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Proceedings Paper

Design and status of a near-infrared multi-object spectrograph for the TAO 6.5-m Telescope
Author(s): Masahiro Konishi; Kentaro Motohara; Mamoru Doi; Shigeyuki Sako; Koji Toshikawa; Natsuko Mitani; Tsutomu Aoki; Toshihiro Handa; Yoshifusa Ita; Daisuke Kato; Kimiaki Kawara; Kotaro Kohno; Shintaro Koshida; Takeo Minezaki; Takashi Miyata; Takao Soyano; Toshihiko Tanabe; Masuo Tanaka; Ken'ichi Tarusawa; Yuzuru Yoshii
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Paper Abstract

We describe the design and current status of a near-infrared multi-object spectrograph for the University of Tokyo Atacama Observatory (TAO) project, which is to construct a 6.5m infrared telescope on the summit of Co. Chajnantor (altitude of 5,460m) in the northern Chile. The instrument, named SWIMS (Simultaneous-color Wide-field Infrared Multi-object Spectrograph), covers a wavelength range from 0.9 to 2.5 μm with a field of view of 9.6 in diameter using 4096 × 4096 pixels with a pixel scale of 0.13 pixel-1. It has two observation modes: a wide-field imager and a multi-object spectrograph (MOS). The MOS mode adopts cooled multi-slit masks with 30 slits at a maximum, and achieves a spectral resolution of λ/▵λ~ 1000. Up to 20 masks can be installed in a mask storage dewar. In both modes, two wavelength ranges of 0.9-1.4 μm and 1.4-2.5 μm are observed simultaneously with a dichroic mirror placed in the collimated beam. This will provide us data covering the wide spectral range under same conditions such as weather, telescope pointing, and so on. Such data are important not only for redshift surveys of distant galaxies but also for rapidly time-variable events such as gamma-ray bursts. As SWIMS is expected to be completed before the construction of the 6.5m telescope, we plan to carry out performance verification and early scientific observations on the Subaru Telescope at Hawaii.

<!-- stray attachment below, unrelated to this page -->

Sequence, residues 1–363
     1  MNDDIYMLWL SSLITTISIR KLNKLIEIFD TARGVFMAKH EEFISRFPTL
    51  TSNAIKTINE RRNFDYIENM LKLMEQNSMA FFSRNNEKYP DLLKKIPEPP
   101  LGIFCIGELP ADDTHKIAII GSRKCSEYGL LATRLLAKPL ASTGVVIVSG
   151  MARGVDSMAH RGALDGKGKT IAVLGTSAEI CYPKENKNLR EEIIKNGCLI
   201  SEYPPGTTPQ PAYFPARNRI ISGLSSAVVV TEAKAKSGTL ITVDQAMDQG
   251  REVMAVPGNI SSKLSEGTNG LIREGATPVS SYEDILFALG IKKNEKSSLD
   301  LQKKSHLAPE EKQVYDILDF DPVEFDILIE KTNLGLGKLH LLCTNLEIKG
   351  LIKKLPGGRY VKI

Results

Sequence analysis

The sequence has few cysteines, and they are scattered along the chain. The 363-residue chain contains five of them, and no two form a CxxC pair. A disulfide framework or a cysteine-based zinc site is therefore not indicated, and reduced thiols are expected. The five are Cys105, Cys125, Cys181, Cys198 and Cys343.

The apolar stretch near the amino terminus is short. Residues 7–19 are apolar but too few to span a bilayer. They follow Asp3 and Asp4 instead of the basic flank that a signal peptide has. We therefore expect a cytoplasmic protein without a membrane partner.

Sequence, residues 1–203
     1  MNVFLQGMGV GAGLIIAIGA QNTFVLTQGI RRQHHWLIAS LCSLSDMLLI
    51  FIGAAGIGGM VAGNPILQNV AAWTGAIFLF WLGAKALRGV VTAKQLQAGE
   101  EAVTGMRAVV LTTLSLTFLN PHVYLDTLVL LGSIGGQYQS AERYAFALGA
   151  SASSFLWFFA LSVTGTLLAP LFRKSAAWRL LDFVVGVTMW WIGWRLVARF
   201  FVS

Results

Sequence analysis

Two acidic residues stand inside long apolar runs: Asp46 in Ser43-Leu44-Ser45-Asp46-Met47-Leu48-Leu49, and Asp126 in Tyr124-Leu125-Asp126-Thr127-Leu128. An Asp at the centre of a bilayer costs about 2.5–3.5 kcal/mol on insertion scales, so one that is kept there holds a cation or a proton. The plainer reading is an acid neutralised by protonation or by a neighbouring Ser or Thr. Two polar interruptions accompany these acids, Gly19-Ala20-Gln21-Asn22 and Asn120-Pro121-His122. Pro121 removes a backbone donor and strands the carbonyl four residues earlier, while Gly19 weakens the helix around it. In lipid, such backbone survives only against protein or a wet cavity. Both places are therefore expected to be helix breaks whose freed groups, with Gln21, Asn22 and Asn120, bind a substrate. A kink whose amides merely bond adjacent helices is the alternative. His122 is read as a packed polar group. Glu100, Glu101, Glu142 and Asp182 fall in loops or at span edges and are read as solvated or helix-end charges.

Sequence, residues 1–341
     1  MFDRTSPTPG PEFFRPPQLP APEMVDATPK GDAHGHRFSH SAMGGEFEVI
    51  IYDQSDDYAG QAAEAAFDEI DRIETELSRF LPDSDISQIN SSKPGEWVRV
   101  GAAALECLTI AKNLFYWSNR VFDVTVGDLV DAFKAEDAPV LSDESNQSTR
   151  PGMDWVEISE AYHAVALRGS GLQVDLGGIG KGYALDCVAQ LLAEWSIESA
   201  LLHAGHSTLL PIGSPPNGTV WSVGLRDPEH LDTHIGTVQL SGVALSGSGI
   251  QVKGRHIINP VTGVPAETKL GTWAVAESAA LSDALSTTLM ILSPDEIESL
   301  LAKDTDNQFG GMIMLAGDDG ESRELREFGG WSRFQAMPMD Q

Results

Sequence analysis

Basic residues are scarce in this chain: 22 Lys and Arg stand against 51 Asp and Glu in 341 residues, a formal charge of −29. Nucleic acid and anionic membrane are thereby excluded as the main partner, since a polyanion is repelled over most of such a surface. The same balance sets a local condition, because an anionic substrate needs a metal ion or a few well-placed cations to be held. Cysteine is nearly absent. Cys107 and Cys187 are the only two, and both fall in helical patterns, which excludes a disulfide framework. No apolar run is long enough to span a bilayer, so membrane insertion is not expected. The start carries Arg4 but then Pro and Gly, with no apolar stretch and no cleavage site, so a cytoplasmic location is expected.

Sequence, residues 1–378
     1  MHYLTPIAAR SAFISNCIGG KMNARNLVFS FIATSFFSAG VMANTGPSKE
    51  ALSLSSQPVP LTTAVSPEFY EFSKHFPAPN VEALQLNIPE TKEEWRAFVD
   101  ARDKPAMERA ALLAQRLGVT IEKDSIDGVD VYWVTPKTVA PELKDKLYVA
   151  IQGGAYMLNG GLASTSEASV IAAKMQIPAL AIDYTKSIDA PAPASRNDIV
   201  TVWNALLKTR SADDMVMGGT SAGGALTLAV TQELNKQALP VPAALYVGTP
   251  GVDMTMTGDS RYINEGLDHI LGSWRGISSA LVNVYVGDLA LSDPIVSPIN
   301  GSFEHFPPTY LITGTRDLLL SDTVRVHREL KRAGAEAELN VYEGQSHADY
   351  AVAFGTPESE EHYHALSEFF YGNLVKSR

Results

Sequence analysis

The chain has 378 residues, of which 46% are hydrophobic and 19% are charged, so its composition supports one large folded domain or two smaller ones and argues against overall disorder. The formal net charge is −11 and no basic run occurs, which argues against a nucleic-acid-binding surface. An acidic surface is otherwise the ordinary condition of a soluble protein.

Paper Details

Date Published: 20 July 2010
PDF: 8 pages
Proc. SPIE 7735, Ground-based and Airborne Instrumentation for Astronomy III, 77356T (20 July 2010); doi: 10.1117/12.856230
Show Author Affiliations
Masahiro Konishi, Institute of Astronomy, The Univ. of Tokyo (Japan)
Kentaro Motohara, Institute of Astronomy, The Univ. of Tokyo (Japan)
Mamoru Doi, Institute of Astronomy, The Univ. of Tokyo (Japan)
Shigeyuki Sako, Institute of Astronomy, The Univ. of Tokyo (Japan)
Koji Toshikawa, Institute of Astronomy, The Univ. of Tokyo (Japan)
Natsuko Mitani, Institute of Astronomy, The Univ. of Tokyo (Japan)
Tsutomu Aoki, Kiso Observatory, The Univ. of Tokyo (Japan)
Toshihiro Handa, Institute of Astronomy, The Univ. of Tokyo (Japan)
Yoshifusa Ita, National Astronomical Observatory of Japan (Japan)
Astronomical Institute, Tohoku Univ. (Japan)
Daisuke Kato, The Univ. of Tokyo (Japan)
Institute of Space and Astronautical Science (Japan)
Kimiaki Kawara, Institute of Astronomy, The Univ. of Tokyo (Japan)
Kotaro Kohno, Institute of Astronomy, The Univ. of Tokyo (Japan)
Shintaro Koshida, Institute of Astronomy, The Univ. of Tokyo (Japan)
Takeo Minezaki, Institute of Astronomy, The Univ. of Tokyo (Japan)
Takashi Miyata, Institute of Astronomy, The Univ. of Tokyo (Japan)
Takao Soyano, Kiso Observatory, The Univ. of Tokyo (Japan)
Toshihiko Tanabe, Institute of Astronomy, The Univ. of Tokyo (Japan)
Masuo Tanaka, Institute of Astronomy, The Univ. of Tokyo (Japan)
Ken'ichi Tarusawa, Kiso Observatory, The Univ. of Tokyo (Japan)
Yuzuru Yoshii, Institute of Astronomy, The Univ. of Tokyo (Japan)


Published in SPIE Proceedings Vol. 7735:
Ground-based and Airborne Instrumentation for Astronomy III
Ian S. McLean; Suzanne K. Ramsay; Hideki Takami, Editor(s)

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